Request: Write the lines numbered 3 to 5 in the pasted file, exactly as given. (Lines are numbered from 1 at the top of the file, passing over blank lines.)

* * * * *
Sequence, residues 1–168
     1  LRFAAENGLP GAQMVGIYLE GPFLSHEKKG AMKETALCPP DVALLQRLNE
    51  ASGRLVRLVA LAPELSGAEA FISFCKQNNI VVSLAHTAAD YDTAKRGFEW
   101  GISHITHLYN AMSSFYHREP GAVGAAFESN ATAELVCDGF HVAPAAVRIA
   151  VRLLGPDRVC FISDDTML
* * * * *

    51  ASGRLVRLVA LAPELSGAEA FISFCKQNNI VVSLAHTAAD YDTAKRGFEW
   101  GISHITHLYN AMSSFYHREP GAVGAAFESN ATAELVCDGF HVAPAAVRIA
   151  VRLLGPDRVC FISDDTML